Podcast Episode 38: Engineering in the USA

Guides / Podcasts / USA

Navigating the world of undergraduate engineering education can be a daunting task, especially in the United States, where the landscape of engineering curriculums can be as diverse as the country itself. One striking difference in engineering education in the USA, as compared to the UK, Canada, or many European countries, is the emphasis on non-STEM subjects. In the US, there are typically four types of engineering curriculums, each with its own unique approach to the inclusion of non-STEM topics.

  1. Technical Institutes: Caltech, officially known as the California Institute of Technology, is a shining example of a technical institute that heavily focuses on pure engineering and science. Their engineering programme emphasizes a rigorous core curriculum primarily consisting of STEM courses. Students at Caltech delve deep into mathematics, physics, chemistry, and computer science, ensuring a strong foundation in these fields. For instance, as a part of the core curriculum, students are required to take courses like “Mathematics,” “Physics,” and “Chemistry,” which are vital for an engineering education. However, even at a technical institute like Caltech, there is recognition of the importance of a well-rounded education, as students are encouraged to explore humanities, social sciences, the arts, literature and language.
  2. Separate Engineering Schools within universities: Many universities in the USA have dedicated schools or colleges of engineering, where engineering students are exposed to a more specialized engineering curriculum. The University of Pennsylvania School of Engineering and Applied Science (SEAS) is a prime example of this model. Here, students pursue a comprehensive engineering education, but it is complemented by a broader range of liberal arts and general education courses. For instance, students at UPenn SEAS are required to fulfil general education requirements, which may include courses in the humanities, social sciences, and even writing. This combination of engineering expertise and broader knowledge equips students with a well-rounded perspective that can be valuable in their future careers.
  3. Engineering as a Major within a Liberal Arts curriculum: In some American universities, engineering is offered as a major within a broader liberal arts education. Stanford University, for example, integrates engineering within its liberal arts curriculum, ensuring students receive a well-rounded education encompassing diverse fields of knowledge. Stanford’s School of Engineering has its core requirements but encourages students to explore beyond engineering. For instance, while students majoring in engineering at Stanford will take engineering courses, they also have the flexibility to explore courses in humanities, social sciences, and arts, fostering a multidisciplinary approach to problem-solving.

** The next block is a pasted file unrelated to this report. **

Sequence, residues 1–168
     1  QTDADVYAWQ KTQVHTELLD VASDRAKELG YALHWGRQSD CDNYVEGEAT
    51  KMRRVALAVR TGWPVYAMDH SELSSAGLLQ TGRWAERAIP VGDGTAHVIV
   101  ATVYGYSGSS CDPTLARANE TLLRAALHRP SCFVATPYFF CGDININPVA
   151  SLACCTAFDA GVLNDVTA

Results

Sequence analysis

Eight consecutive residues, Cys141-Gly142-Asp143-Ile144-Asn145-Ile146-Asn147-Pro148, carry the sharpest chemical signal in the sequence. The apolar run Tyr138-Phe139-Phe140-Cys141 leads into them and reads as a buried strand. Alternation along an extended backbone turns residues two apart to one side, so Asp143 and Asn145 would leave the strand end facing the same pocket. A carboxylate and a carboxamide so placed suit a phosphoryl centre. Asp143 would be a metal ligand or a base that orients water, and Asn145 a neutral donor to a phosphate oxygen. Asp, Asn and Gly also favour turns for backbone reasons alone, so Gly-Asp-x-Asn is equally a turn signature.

4. 3-2 Programmes: The 3-2 programme, a unique option primarily found in the USA, allows students to earn a Bachelor of Arts (B.A.) or Bachelor of Science (B.S.) degree from a liberal arts college, like Columbia University, followed by a Bachelor of Science in Engineering (B.S.E.) degree from an affiliated engineering school. In this model, students receive a strong foundation in liberal arts subjects during their first three years, after which they transfer to an engineering school for two years of specialized engineering education. This approach combines the benefits of a liberal arts education with the depth of engineering expertise. It can be an attractive option for students who wish to explore different academic areas before committing to a career in engineering.

Comparing the American engineering education landscape to that in the UK, Canada, or Europe reveals stark differences. In the UK, for instance, engineering degrees are typically more specialized from the start, with a strong emphasis on engineering coursework throughout the programme. The UK system offers less flexibility for students to explore non-STEM subjects during their undergraduate years.

In Canada, engineering programmes generally provide a balance between core engineering courses and a limited selection of elective courses. There is room for students to explore non-STEM subjects, but the focus remains predominantly on engineering.

European engineering programmes are typically more focused on specialized engineering courses from the beginning, with fewer opportunities to delve into non-STEM subjects.

The undergraduate engineering education landscape in the United States offers a variety of approaches, each with its own unique blend of STEM and non-STEM coursework. Whether you choose a technical institute like Caltech, a dedicated school within a university like UPenn SEAS, a liberal arts curriculum like Stanford, or a 3-2 programme, the US provides a wide range of options to suit your preferences and career goals. The emphasis on non-STEM subjects in the US sets it apart from engineering education in the UK, Canada, and Europe, offering students the opportunity to build a more multidisciplinary skill set. Each path has its own advantages, and the key is to choose the one that aligns with your interests, goals, and aspirations. To find out more, listen to this podcast episode!